A 6.3 earthquake hit Christchurch yesterday afternoon causing massive damage, electricity outages, flooding and worst - fatalities and people trapped in the rubble.
I know some of my family would like to get more coverage than what is being provided in the USA, so here are a few links to try. There may be better ones, but these are the ones I know and have been tuned into so far:
This US site link has some powerful photos, some of which are a bit different than what I have seen in NZ coverage: The Washington Post.
We're fine; Christchurch, not so much.
Dunedin is about a 4.5 hour drive south of Christchurch - 364 kms or 220 miles.
I felt the earthquake back in September 2010. And I felt yesterday's earthquake, apparently still considered an aftershock of September's quake. Due to it's shallower depth, proximity to the city centre, and the time of day - this "aftershock" is a "whole different ballgame," as we Americans like to say.
I was in my office at Uni working away when I felt the shaking start, more like a rolling, that made me feel slightly nauseous. My office mate and I just sat there feeling the movement, watching the trees outside the window sway, and listening to the creaking of the building. From where we sat, it was not bad enough to feel the need to take cover even though it was undeniably an earthquake. The noise of the building "squeaking" was the most nerve-wracking part as I thought of the five floors above me. My office is on the 2nd floor of a 7 story building.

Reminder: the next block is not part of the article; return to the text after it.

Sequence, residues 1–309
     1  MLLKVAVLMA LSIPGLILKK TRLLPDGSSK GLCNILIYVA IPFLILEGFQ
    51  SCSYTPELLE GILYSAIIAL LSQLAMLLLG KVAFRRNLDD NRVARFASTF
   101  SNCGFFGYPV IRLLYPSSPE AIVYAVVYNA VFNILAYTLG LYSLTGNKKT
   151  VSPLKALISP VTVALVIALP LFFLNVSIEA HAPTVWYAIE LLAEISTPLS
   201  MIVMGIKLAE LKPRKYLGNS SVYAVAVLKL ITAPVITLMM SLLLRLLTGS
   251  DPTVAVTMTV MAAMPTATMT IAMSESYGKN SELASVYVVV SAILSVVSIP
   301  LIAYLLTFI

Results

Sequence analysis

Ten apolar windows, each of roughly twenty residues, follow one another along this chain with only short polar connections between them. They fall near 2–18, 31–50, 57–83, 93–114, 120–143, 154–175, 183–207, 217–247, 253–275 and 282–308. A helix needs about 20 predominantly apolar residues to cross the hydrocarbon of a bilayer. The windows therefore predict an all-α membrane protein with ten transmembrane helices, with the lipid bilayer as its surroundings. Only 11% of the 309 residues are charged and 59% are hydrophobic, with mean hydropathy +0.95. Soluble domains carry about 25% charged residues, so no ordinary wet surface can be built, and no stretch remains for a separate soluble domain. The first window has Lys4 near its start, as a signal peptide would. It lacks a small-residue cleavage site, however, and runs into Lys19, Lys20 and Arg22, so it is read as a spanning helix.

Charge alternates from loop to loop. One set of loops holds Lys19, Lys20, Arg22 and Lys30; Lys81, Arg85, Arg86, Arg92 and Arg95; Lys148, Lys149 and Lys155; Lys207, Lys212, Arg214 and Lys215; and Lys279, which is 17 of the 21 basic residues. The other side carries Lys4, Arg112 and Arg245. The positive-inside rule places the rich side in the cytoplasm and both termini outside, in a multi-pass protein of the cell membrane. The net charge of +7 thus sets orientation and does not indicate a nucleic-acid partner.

I immediately checked the internet for the epi-centre and magnitude. Within half an hour, word was spreading around the department that Christchurch was hit badly and the Cathedrale was ruined.
I had texted James to see if he felt it and he did not reply. After a while, the thought ocurred to me that there could possibly have been some damage in Dunedin and I began to worry; particularly as James works in industrial settings, often up on a ladder! But when I called, James was fine. He'd been on the 4th floor of the Cadbury chocolate factory (where he does a lot of their electrical work and programming) and felt the quake strongly.
As quiet conversations sparked up in the office, the hallway and the tea room, I also followed the news on line and texted Christchurch friends. I felt two aftershocks. The reality of the destruction in Christchurch set in slowly. It was, and still is, very strange to be so close to the site of a national emergency and tragedy, but to have life go on as normal, more or less, right here. I attended a meeting yesterday and had a haircut this morning. I half expected and wanted these things to be cancelled but of course there was really no reason for that to be the case here in Dunedin. So life goes on even while people are speaking in more hushed tones about their feelings of helplessness and watching the news carefully. The university is playing live news coverage in the student link building as many students here are from Christchurch.
James and I have made contact with most of our friends in Christchurch, though not quite all of them. For those we have contacted, all we know is that they are ok - details of the story will come later since we are asked not to block up communication systems. As James said, New Zealand is a small country and the South Island is even smaller - we will most likely know someone gravely impacted by this.
For those overseas, I want to point out one thing. They think the death toll could easily be a couple hundred. Keep in mind New Zealand's population is only 4 million. Everyone will know someone impacted by the quake. So it seems it will be "New Zealand's darkest day" in many ways, as the Prime Minister has said.
I've been impressed with the emergency response in the last 24 hours. New Zealanders are practical, capable, strong, caring people. As I watch the rescuers, officials and public members on TV, I find myself thinking that if anyone can handle this well, New Zealanders can. Not that they want to.